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Monthly Archives: April 2020

Which Comes First – Truth, or the Church?

I had occasion some years ago while writing a large paper on Medieval resistance theory to read portions of Dante’s Monarchia, a vigorously logical treatise defending the idea, contrary to the spirit of the times, that temporal rulership is not derived from the decree of the pope, but directly from Christ.  I wanted to share the […]

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The Real RINO – A “Republic in Name Only”

Augustine cites Cicero on the destruction of the Roman Republic due to the decline of traditional morality: …the great leaders could not have founded, or could not have so long maintained such a great state with such a vast stretch of empire, had there not been that morality in the community; nor could the morality […]

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Ambitious Men, Deformed Actions

Many politicians are “…ambitious men, whose minds, doting on glory, which is a mere image of virtue, produce nothing that is genuine or uniform, but only, as might be expected of such a conjunction, deformed and unnatural actions…” Such men eventually come to the following end: “when this passion is exorbitant, it is dangerous in […]

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Don’t Have It If You Don’t Need It

“For as a body bred to a good habit requires nothing exquisite either in clothes or food, so a sound man and a sound household keep themselves up with small quantities. Riches ought to be proportioned to the use we have of them. He that scrapes together a great deal, making use of but little, […]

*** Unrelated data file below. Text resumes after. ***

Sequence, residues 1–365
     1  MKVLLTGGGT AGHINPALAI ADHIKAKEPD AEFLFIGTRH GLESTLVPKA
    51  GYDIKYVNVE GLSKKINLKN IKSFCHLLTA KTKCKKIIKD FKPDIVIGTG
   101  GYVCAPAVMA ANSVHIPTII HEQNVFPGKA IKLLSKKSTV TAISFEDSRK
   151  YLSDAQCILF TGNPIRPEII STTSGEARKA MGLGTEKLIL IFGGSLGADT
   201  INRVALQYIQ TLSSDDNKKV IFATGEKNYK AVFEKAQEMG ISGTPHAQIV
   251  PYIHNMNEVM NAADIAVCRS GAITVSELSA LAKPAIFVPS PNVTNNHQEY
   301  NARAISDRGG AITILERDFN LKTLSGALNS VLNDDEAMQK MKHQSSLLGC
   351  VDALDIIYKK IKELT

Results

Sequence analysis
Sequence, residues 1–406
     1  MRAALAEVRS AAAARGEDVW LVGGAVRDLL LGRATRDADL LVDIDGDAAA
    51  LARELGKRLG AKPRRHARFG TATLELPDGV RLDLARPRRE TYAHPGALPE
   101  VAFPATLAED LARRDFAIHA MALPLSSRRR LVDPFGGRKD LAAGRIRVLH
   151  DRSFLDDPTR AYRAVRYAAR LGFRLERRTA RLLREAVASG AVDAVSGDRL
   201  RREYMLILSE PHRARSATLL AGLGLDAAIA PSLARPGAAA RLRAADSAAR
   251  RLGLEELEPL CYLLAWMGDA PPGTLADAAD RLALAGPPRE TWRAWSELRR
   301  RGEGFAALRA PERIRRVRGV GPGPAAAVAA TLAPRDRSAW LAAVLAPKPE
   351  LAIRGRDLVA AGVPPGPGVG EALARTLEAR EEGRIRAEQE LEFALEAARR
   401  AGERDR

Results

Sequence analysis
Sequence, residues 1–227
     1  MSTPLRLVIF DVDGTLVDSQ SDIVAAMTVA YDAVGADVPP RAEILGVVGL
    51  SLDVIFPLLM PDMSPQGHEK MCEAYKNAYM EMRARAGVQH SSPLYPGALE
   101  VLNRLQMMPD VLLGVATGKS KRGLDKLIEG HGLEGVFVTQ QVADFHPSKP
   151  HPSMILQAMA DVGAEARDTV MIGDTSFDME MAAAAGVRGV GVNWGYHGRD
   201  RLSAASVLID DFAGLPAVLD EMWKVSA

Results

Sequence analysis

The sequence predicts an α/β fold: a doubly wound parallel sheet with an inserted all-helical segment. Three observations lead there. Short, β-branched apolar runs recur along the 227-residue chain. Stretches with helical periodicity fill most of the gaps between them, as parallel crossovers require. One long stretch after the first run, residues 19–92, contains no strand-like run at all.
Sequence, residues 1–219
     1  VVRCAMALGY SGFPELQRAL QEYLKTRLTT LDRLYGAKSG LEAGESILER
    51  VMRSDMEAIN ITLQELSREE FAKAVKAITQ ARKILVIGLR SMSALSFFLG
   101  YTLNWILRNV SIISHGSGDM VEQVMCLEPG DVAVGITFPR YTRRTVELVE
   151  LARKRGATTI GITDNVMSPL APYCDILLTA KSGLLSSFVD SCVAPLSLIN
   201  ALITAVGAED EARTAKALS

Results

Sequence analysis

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When Bad People Have Good Things

For the things that the mass of people say are good are not correctly so described. It is said that the the best thing is health, and the second is beauty, and third is wealth – and then are said to be ten thousand other goods: sharp sight, hearing, and good perception of all the […]

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Internet Politics: “Carried Away by the Flood”

When many of them are sitting together in assemblies, courts, theaters, army camps, or in some other public gathering of the crowd, they object very loudly and excessively to some of the things that are said or done and approve others in the same way, shouting and clapping, so that the very rocks and surroundings […]

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“The History of the Church for 1500 Years Is, To a Large Extent, Just the History of Popery” – NOT!

William Cunningham (1805 1861) was a nineteenth century Scottish polemical theologian who, like many in his day, promoted the anachronistic notion that Calvinism has always been the confession of True and Pure Christianity. Also like many in his day, he liked to stoke the excessive antipathy toward “Romanism” and “Popery” that was harbored by many […]

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Worthless Books

In line with his Stoic principle that “excess in any sphere is reprehensible,” Seneca (ca. 4 B.C. to 65 A.D.) has this to say about having too large a library: Even in our studies, where expenditure is most worth while, it justification depends on its moderation. What is the point of having countless books and […]

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The Liberating Knowledge of Letters

Here’s a snippet from a letter about the educated man, written ca. 1160 A.D.: …it is the knowlege of letters that leads one forth from the common ignorance of human beings and from the stolid torpor that characterizes the dull-witted, and renders to its pupil glorious liberty. And so the pagans rightly called the art […]

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